11. On-board storage

There are models with on-board storage, making it easy for the user to have easy access to accessories you might need while vacuuming.

Other Factors to Consider

More than the features, here are other considerations in choosing the shop vac that’s good for you:

1. Multi-functionality

Some vacuums can only perform vacuuming tasks, but the best and cost-effective ones can do other things like blowing or pumping. Some can also act as hand-held vacuums, while some have many different functions that most models don’t have. Think of how you would use your vacuum and choose according to your needs.

2. Stability

Vacuums need to be stable and safe, especially for wall-mount vacuums. The mount should be stable so that it would not fall down with the weight of the wastes in it. Also, remember that you must exert extra care when removing it to empty the tank so that it will not end up on your foot and fall, creating a new mess for you to clean up.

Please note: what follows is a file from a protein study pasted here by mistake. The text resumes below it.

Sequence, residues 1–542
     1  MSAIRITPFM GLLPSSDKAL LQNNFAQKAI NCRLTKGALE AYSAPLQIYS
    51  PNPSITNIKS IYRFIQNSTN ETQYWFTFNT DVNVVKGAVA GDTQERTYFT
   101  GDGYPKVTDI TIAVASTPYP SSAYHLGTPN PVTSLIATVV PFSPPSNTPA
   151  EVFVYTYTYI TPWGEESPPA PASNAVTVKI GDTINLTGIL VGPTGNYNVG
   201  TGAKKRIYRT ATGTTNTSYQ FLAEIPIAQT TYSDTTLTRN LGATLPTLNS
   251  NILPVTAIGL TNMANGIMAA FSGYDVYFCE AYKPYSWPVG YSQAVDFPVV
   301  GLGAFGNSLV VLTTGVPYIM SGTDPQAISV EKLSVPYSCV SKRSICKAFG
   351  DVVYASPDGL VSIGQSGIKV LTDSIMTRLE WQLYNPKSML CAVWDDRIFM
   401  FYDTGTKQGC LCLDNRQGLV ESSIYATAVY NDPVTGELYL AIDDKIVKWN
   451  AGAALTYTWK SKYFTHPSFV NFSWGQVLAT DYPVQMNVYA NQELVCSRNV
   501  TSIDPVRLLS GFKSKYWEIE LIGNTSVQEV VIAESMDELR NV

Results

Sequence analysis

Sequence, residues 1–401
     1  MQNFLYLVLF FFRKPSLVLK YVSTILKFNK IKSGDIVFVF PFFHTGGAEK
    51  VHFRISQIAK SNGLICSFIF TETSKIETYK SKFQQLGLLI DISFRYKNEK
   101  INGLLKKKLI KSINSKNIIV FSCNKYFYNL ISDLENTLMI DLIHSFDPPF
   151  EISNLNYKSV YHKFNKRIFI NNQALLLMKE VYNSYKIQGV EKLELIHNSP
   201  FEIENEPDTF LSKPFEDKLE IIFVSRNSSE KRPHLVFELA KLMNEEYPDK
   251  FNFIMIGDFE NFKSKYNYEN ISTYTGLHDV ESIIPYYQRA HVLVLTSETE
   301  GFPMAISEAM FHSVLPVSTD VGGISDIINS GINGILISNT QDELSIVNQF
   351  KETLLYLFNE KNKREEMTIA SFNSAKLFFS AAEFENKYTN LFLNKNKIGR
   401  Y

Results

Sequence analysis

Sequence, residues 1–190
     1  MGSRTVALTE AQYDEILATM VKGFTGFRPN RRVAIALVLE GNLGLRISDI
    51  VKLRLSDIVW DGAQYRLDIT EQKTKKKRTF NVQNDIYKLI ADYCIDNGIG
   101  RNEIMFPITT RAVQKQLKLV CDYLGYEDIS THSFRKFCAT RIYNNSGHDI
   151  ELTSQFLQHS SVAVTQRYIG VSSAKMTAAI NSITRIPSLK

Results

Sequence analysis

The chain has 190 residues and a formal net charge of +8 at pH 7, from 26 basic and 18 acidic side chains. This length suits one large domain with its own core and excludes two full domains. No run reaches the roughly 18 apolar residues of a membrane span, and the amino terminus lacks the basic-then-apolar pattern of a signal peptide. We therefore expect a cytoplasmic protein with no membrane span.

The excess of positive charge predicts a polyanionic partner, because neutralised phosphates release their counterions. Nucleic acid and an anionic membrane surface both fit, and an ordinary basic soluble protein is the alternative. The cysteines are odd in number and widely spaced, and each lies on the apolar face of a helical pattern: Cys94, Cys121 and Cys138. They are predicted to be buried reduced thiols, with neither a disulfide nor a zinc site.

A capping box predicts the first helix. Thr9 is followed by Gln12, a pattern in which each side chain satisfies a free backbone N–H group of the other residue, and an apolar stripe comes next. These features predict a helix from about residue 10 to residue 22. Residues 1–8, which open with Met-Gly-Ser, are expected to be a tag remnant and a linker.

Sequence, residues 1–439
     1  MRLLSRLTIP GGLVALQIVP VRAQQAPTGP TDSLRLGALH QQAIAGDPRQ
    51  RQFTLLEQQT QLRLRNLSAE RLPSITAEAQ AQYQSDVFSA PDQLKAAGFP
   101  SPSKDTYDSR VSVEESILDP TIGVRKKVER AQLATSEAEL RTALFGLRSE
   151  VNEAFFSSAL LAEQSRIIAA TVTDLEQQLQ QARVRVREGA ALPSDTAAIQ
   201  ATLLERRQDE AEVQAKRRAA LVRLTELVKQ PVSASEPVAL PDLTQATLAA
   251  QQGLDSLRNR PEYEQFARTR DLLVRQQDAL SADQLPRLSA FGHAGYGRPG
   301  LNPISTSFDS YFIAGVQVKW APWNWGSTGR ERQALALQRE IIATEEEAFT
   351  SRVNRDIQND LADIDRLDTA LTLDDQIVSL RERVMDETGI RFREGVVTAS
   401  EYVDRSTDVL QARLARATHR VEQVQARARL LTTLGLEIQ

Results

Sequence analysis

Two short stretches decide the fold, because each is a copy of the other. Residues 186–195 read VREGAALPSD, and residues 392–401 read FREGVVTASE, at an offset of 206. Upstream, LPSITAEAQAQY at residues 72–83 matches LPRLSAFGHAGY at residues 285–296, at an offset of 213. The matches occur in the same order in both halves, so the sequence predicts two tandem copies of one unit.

3. Customer feedback

To make it easier for you to decide, read vacuum reviews online and check out the listings of pros and cons for each model you would like to consider. Read manufacturer’s inputs about their products but don’t consider it too much – surely they would only say good things about their models.

4. Budget

Lastly, but more importantly, how much are you willing to spend on a shop vac? Before any other considerations, know the range of machines you can afford. It’s best to look for vacuum deals online and at stores near you. Know when they are having a sale so you can get the bang for your buck.